Let’s take a deeper look at each approach.

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Music, place and change. Being somewhere else in lockdown.

I found Charlotte de Witte on YootYoob. She is a DJ from Belgium who has raised the profile of techno when, as one of the earliest forms of dance music, out of Detroit and Berlin, it got sidetracked a bit by superclubs and EDM. Her DJ set that I link to at the foot of the page connected with me. I found it very moving and captivating. It evoked a very clear sense of place, and I got to thinking about why this was.

My first intro to dance music proper was through trance, techno and the TEX CD series Trance Europe Express. Music was experienced as a journey. This track Trust (Suspicious Mindgear Mix) by Microglobe and the subsequent playlist is a perfect example. The title was a play on Kraftwork’s seminal 1977 world-changing album Trans-Europe Express. The title track and original is here.

At the time I lived in Tywyn, Wales, overlooking the sea in an upside down house, so my living room was upstairs overlooking Cardigan Bay, about 5 miles north of the place the header picture was taken.

One of my great joys was to open the big sliding doors onto our balcony and let the day go by outside and listen to TEX. The scene outside was in some ways always the same sea and sky. But over time it changed in an almost infinite number of ways. The changes could occur in seconds when the sun moved behind cloud, or minutes when rain came by, or hours as the weather changed, or over a day through sunrise and sunset, or weeks and months as the seasons changed.

Whatever was going on, somehow the TEX track playing seemed to mirror the change. I explored this more and found Indonesian gamelan music and the work of Phillip Glass, John Cage, Terry Riley, which was influenced by gamelan and other eastern music. All of this music iterates, or repeats simple musical phrases to create a whole. Work by these musicians and composers led to a whole classical musical genre called Minimal in which repetition is a core component.

Víkingur Ólafsson recently played Phillip Glass at the empty Harpa Concert Hall in Reykjavik and talked on radio 4 about the accusation, by detractors of minimal, that repetition is undesirable and boring. He talked about and demonstrated the ways in which repetition unlocks possibilities for development of music experiences.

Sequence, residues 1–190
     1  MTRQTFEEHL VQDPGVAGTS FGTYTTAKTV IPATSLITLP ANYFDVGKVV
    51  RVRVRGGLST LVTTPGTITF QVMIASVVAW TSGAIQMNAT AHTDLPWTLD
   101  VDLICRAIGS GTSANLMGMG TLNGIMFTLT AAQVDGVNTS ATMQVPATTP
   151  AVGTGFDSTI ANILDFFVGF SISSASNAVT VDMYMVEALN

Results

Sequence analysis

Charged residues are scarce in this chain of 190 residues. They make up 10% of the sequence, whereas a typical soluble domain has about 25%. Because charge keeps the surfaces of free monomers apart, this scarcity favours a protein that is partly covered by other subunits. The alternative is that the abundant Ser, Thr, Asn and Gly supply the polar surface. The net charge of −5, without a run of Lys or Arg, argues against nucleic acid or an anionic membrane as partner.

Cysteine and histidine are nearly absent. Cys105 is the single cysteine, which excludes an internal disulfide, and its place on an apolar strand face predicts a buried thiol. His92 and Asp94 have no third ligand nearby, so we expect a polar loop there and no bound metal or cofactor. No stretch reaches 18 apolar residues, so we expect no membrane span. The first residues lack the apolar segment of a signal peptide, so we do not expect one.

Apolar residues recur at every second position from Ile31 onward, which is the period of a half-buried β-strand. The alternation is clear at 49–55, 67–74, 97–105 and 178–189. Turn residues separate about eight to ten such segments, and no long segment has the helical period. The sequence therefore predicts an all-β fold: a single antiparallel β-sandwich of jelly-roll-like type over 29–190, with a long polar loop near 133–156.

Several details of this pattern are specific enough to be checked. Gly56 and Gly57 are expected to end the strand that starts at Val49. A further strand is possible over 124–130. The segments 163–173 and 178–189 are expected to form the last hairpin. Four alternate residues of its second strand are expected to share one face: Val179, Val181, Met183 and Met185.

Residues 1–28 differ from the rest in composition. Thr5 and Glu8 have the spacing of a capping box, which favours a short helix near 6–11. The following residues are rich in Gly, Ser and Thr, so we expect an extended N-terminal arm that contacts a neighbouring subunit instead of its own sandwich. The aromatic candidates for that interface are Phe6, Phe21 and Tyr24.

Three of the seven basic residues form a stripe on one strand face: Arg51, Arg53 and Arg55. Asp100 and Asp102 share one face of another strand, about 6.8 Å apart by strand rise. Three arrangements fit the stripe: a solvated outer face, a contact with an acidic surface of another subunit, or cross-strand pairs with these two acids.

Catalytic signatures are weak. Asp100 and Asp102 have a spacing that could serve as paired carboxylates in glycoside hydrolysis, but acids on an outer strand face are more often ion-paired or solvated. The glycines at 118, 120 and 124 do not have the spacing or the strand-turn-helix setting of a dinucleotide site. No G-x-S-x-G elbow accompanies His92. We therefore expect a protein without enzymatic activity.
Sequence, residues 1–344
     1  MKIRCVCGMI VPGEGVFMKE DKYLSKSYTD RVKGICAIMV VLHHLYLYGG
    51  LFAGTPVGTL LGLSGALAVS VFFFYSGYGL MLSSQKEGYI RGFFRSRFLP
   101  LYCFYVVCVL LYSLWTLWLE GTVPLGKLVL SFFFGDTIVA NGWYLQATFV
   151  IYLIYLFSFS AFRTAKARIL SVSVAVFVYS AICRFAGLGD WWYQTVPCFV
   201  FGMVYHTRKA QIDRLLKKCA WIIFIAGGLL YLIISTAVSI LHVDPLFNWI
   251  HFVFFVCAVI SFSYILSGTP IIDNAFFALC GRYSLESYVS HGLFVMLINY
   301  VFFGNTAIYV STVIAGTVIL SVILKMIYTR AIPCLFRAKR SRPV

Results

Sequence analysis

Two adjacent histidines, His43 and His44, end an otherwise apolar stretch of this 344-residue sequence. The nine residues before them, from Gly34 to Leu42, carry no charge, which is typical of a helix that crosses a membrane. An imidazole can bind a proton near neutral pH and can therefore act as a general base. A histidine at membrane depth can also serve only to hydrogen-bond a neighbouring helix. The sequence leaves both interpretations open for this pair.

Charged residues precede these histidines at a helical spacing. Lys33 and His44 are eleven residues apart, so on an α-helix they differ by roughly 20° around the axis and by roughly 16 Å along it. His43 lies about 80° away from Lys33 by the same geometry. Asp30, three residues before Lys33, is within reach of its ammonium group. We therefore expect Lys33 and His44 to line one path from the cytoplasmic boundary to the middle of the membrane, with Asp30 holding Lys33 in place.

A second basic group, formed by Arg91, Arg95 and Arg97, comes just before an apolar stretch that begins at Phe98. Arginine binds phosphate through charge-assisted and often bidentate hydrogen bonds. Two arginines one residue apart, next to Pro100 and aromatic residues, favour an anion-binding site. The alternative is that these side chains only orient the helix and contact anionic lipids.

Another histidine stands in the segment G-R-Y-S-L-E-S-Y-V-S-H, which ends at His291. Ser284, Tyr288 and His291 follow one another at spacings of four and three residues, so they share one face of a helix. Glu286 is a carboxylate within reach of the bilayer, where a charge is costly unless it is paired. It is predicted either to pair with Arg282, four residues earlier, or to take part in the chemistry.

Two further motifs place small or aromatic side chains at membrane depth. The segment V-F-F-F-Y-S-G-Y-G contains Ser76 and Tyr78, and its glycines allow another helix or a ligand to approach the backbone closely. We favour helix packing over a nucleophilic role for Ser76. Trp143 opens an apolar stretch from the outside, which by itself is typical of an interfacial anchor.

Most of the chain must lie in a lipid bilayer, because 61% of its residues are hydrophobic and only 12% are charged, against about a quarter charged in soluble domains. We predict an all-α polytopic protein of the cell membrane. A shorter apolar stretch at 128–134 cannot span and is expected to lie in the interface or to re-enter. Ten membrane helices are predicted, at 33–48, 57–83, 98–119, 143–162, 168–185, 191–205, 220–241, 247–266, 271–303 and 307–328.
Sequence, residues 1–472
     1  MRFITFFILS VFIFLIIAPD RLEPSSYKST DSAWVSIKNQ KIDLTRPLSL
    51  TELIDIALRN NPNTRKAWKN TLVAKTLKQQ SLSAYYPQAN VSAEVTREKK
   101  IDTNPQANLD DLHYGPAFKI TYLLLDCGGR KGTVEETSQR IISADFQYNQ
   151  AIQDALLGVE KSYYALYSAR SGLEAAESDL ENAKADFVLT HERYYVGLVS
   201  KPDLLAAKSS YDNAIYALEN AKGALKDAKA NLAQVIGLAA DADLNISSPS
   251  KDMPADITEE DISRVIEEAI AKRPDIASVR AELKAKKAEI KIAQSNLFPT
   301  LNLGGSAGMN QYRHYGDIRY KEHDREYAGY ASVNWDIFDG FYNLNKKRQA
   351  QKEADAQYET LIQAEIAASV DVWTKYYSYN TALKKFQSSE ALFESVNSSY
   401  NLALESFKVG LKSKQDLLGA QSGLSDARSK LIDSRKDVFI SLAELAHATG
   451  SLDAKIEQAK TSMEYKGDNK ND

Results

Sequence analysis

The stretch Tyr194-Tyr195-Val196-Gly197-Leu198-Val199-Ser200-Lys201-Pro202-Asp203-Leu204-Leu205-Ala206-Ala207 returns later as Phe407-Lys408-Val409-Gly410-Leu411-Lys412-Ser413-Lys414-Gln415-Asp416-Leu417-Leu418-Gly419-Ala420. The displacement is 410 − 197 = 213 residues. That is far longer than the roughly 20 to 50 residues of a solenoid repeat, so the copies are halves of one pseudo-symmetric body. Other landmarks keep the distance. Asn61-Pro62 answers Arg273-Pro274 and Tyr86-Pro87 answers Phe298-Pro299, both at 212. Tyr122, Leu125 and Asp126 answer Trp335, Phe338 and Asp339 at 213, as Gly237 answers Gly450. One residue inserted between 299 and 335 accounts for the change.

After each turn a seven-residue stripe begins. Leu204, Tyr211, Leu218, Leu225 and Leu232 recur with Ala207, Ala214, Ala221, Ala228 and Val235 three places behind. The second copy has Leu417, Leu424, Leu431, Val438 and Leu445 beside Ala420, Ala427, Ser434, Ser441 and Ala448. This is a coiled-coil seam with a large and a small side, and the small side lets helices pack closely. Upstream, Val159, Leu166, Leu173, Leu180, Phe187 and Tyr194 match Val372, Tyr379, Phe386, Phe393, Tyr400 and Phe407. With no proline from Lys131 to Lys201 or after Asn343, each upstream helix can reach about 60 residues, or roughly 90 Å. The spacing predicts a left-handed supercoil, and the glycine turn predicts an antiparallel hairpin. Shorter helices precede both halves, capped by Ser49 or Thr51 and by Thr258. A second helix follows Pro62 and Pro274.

Víkingur Ólafsson plays to an empty Harpa Concert Hall in Reykjavik

John Cage another minimalist is quoted as saying

“If something is boring after two minutes, try it for four. If still boring, then eight. Then sixteen. Then thirty-two. Eventually one discovers that it is not boring at all.”

John Cage

I am unsure how it does it but music which iterates always evokes a sense of place for me. Whether it was my experience of Wales I do not know, but minimalist music in all it’s forms seems to convey the depth of place in it’s being unchanging and repeating, at the same time as being infinitely changeable over a number of timescales, by the second, minute and hour. Minimalism unlocks something in me. I find within it, space and time, and a feeling of being still and moving at the same time. A kind of Moving Space, oddly enough.

This particular set by Charlotte de Witte I found particularly moving. She unlocked something in me from the first moments of the opening track. Like landscape, it repays patience. In the YootYoob comments, I wrote listening to it was “Like being on the edge of sleep then waking up to find yourself on a hilltop in the sun with the wind blowing then some animals arrive and start dancing and you join in and you then turn into an animal and go off with them and never mix with humans again.” I even knew which sunny hilltop, which is above Langholm, where I go to paint and draw.

de Witte is a young woman who is very skilled and passionate about what she does. I liked the idea that, 35 years after I discovered techno, she finds great pleasure in simple iteration and minimal form, like I did and still do. I am glad she took me to a mountain top and allowed me to give up being a human. Turn up the volume and enjoy being in another place in lockdown.

Living bridges and supper from sewage: can ancient fixes save our crisis-torn world?

From underground aqueducts to tree-bridges and fish that love sewage, indigenous customs could save the planet – but are under threat. Landscape architect Julia Watson shares her ‘lo-TEK’ vision

Oliver Wainwright Guardian, Fri 27 Mar 2020 16.40 GMT

On the eastern edge of Kolkata, near the smoking mountain of the city’s garbage dump, the 15 million-strong metropolis dissolves into a watery landscape of channels and lagoons, ribboned by highways. This patchwork of ponds might seem like an unlikely place to find inspiration for the future of sustainable cities, but that’s exactly what Julia Watson sees in the marshy muddle.

The network of pools, she explains, are bheris, shallow, flat-bottomed fish ponds that are fed by 700m litres of raw sewage every day – half the city’s output. The ponds produce 13,000 tonnes of fish each year. But the system, which has been operating for a century, doesn’t just produce a huge amount of fish – it treats the city’s wastewater, fertilises nearby rice fields, and employs 80,000 fishermen within a cooperative.

Watson, a landscape architect, says it saves around $22m (£18m) a year on the cost of a conventional wastewater treatment plant, while cutting down on transport, as the fish are sold in local markets. “It is the perfect symbiotic solution,” she says. “It operates entirely without chemicals, seeing fish, algae and bacteria working together to form a sustainable, ecologically balanced engine for the city.”